I’ve been challenged, recently, about my interpretation of the Judgment card. In a reading, I’d said that Judgment wasn’t about judging and being judged – or at least, not only about that. But others clearly don’t agree, so I thought I’d have a look and see what other views are around.
Universal Waite Tarot
The Little White Book (LWB) that accompanies the Universal Waite Tarot deck simple says “Change of position, renewal, outcome.” Short and to the point.
Rachel Pollack, in her Seeker: The Tarot Unveiled (Llewellyn, 2005), adds “rebirth, new possibilities, and wholeness” to the list. In fact, she maintains (as do I) that Judgment is not about judging others, showing good judgement, or being judged themselves at all. The child in the image reminds us that new opportunities and possibilities can appear when we heed the voice that tells us to let go of old, out-of-date, ways and beliefs. The nakedness of the figures symbolizes openness as well as new beginnings – the state in which we were born into this world, but also the state in which we need to embrace this “re-birth”. The trumpet, far from being the call to judgement, is in fact the “voice”, the push, the call – however it manifests – to step into the unknown and stop hiding.
Game of Thrones Tarot
Juliet Sharman-Burke, in her Beginners Guide to the Tarot (Connections, 2001), adds “resurrection and resolution” to the list. She too sees this as an opportunity to greet the new with joy. She calls it the card of karma, saying “it heralds the time of reaping what has been sown”. You might see an element of judgement in that but, reading between her lines, I feel it’s more about assessment. Yes, she does use the word “judge” – “to judge your actions and appraise what you have done” – but she goes on to say it’s more about the preparation for the next stage in life.
Liz Dean, in the accompanying guidebook to The Game of Thrones Tarot (Home Box Office, Inc., 2017), doesn’t use the word “judgement” in her description of the card. She writes about being on the edge of a change, and focuses on the need for second chances after a review or appraisal, and about the chance to make sense of the past.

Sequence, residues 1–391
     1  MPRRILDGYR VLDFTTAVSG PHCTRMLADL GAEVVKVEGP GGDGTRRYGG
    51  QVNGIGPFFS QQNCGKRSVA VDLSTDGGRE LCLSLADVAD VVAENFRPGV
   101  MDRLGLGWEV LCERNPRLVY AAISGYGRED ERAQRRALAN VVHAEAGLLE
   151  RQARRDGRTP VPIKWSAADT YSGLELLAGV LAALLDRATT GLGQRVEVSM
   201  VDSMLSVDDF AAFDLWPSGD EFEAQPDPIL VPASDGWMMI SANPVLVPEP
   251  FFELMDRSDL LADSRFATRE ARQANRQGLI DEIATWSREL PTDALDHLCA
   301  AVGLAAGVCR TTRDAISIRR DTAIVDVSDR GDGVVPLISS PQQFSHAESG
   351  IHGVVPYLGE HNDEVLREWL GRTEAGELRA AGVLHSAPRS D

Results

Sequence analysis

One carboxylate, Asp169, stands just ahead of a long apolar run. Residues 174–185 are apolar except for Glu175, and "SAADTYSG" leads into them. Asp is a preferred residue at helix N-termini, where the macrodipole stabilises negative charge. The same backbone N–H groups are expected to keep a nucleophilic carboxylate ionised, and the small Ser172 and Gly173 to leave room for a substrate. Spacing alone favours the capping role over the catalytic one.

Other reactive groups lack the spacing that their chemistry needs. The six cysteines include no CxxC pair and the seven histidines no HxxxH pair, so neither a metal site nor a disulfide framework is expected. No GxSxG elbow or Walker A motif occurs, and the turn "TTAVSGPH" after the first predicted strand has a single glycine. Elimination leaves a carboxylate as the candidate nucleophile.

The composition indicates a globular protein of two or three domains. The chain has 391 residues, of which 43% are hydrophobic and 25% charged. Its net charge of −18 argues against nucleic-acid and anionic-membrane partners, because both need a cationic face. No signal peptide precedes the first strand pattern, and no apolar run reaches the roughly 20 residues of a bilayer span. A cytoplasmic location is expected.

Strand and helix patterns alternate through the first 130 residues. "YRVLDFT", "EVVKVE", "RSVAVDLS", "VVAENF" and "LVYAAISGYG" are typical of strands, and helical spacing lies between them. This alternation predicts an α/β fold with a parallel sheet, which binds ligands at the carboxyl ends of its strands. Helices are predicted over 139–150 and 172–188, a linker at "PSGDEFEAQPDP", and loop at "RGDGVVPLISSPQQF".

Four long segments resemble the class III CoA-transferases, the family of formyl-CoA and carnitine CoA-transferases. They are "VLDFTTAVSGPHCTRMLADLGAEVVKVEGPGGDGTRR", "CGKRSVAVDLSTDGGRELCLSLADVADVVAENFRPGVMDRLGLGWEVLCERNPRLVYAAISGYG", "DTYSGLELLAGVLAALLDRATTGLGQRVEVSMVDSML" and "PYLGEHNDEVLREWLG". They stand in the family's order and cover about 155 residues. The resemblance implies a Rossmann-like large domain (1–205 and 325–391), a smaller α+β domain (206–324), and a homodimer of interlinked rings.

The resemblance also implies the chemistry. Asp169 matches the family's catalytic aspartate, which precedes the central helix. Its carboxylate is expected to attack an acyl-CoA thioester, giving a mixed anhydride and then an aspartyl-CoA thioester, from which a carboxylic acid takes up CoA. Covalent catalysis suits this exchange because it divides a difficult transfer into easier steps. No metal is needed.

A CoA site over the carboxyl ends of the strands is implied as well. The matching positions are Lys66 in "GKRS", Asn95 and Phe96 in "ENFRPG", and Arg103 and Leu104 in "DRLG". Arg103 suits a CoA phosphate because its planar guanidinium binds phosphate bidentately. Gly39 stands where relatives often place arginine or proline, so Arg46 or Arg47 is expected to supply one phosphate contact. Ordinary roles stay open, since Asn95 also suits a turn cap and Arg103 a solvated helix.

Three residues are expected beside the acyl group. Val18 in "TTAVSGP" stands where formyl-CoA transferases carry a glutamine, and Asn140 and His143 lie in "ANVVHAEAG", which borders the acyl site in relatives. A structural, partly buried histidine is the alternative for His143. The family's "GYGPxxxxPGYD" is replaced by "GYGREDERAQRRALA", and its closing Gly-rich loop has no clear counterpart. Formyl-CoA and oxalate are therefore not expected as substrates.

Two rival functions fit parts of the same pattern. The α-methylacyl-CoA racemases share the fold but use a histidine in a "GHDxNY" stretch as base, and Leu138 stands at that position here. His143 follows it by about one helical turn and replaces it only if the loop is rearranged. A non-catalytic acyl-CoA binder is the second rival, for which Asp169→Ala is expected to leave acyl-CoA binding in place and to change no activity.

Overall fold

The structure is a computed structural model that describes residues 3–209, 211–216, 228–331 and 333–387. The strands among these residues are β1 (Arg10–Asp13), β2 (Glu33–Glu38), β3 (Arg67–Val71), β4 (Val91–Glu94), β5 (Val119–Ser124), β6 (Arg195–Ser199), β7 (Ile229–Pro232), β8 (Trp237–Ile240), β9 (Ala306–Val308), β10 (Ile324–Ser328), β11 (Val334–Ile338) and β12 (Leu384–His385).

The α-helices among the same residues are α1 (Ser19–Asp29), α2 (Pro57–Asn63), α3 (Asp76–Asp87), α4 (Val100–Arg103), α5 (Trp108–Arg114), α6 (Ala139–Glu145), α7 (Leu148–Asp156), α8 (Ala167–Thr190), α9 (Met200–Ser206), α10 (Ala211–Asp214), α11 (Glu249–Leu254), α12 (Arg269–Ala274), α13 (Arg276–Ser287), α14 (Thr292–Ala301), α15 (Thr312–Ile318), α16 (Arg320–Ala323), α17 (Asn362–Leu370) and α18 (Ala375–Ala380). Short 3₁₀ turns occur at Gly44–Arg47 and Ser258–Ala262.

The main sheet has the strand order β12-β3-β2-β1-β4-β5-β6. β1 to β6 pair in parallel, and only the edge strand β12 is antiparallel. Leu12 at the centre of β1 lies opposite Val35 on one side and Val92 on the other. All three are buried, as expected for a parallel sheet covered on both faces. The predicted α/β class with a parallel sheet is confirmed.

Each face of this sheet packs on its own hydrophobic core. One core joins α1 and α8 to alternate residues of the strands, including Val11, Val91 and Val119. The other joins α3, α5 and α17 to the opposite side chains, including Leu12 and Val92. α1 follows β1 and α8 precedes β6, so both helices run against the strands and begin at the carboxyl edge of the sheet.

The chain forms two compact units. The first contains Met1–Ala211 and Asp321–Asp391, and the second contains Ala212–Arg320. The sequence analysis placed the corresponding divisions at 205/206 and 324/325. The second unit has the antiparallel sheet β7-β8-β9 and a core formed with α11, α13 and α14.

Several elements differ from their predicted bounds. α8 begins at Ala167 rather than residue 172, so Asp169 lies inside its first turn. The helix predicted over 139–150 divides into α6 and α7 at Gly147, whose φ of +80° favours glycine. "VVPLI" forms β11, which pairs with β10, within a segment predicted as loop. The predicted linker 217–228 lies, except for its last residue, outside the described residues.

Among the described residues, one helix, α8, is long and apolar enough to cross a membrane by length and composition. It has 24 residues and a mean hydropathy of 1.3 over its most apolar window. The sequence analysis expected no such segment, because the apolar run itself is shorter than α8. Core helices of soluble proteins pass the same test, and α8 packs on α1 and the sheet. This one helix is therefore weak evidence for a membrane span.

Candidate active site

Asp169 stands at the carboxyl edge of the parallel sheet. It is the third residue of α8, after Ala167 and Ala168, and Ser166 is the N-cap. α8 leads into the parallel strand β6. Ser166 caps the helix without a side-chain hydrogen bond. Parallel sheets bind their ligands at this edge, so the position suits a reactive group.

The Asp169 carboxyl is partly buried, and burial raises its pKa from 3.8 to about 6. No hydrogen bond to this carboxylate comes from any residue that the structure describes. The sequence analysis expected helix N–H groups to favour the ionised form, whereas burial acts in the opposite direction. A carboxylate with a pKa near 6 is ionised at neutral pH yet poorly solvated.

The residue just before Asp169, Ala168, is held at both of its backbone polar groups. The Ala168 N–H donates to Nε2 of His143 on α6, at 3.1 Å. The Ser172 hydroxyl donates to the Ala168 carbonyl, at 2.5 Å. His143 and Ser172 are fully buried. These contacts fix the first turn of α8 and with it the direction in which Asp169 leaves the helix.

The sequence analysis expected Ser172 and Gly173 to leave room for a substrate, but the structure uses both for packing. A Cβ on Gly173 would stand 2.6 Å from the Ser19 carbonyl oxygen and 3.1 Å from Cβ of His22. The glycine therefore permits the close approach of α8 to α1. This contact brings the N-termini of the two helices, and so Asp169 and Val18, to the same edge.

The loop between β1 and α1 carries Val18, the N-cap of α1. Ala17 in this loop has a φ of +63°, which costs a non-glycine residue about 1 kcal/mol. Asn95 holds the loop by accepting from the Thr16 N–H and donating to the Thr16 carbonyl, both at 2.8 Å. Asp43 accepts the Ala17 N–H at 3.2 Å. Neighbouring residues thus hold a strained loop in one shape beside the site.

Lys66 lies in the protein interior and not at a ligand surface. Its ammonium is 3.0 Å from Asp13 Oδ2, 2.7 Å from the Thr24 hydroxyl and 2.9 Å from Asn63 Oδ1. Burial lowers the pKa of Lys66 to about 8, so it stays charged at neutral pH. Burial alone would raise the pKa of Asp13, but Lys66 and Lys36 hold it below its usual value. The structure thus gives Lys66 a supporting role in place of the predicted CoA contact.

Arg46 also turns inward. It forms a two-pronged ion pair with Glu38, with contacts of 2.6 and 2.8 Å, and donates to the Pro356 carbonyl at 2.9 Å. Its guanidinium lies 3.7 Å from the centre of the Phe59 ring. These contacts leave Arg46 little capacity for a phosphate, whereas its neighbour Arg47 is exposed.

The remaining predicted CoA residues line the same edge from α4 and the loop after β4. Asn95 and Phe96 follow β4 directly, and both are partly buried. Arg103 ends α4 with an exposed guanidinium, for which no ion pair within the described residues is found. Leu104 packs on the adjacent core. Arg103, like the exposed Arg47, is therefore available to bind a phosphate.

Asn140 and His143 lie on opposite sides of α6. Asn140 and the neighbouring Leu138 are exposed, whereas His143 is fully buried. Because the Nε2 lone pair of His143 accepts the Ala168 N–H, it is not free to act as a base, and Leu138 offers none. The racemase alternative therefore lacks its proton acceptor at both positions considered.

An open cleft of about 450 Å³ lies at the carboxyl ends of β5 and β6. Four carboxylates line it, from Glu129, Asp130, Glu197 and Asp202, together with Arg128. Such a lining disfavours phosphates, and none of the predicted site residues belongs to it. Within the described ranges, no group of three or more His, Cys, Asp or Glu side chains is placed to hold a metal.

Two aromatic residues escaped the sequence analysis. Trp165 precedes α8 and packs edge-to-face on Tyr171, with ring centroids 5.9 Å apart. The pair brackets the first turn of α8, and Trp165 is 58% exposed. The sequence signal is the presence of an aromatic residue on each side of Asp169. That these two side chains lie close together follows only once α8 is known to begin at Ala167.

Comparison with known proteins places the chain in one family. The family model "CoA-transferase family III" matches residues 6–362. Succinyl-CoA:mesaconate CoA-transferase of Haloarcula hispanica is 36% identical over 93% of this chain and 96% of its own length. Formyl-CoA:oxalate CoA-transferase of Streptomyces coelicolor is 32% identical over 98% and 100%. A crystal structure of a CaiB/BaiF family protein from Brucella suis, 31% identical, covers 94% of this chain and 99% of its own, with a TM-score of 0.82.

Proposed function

The creators of the Wildwood Tarot (Connections, 2011), Mark Ryan and John Matthews, are very clear in their view. In the accompany book, they write that “The major element in this process [surviving inevitable change] is judgement of yourself and others.”, yet the word “judgement” doesn’t come up in their list of keywords. “Karma” and “cosmic law” do, as does “inescapable truth”. They do talk about renewal and rebirth, themes that are echoed in the image that Will Worthington has created for the card. That idea of rebirth is also seen in the DruidCraft Tarot’s image (also by Will Worthington).
© The Great Bear
Druid Craft Tarot
Wild Unknown Tarot
Beginner’s Guide to the Tarot created by Juliet Sharman-Burke, illustrated by Giovanni Caselli, published by Connections
Druid Craft Tarot created by Philip Carr-Gomm and Stephanie Carr-Gomm, illustrated by Will Worthington, published by Connections
Game of Thrones Tarot, created by Liz Dean, published by Home Box Office, Inc., 2017
Shadowscapes Tarot created by Stephanie Pui-Mun Law and Barbara Moore, published by Llewellyn
Universal Waite Tarot created by Mary Hanson-Roberts & Pamela Colman-Smith, published by U.S. Games Systems, Inc.
Wild Unknown Tarot, created by Kim Krans, published by HarperCollins, 2016.
Wildwood Tarot created by Mark Ryan and John Matthews, illustrated by Will Worthington, published by Connections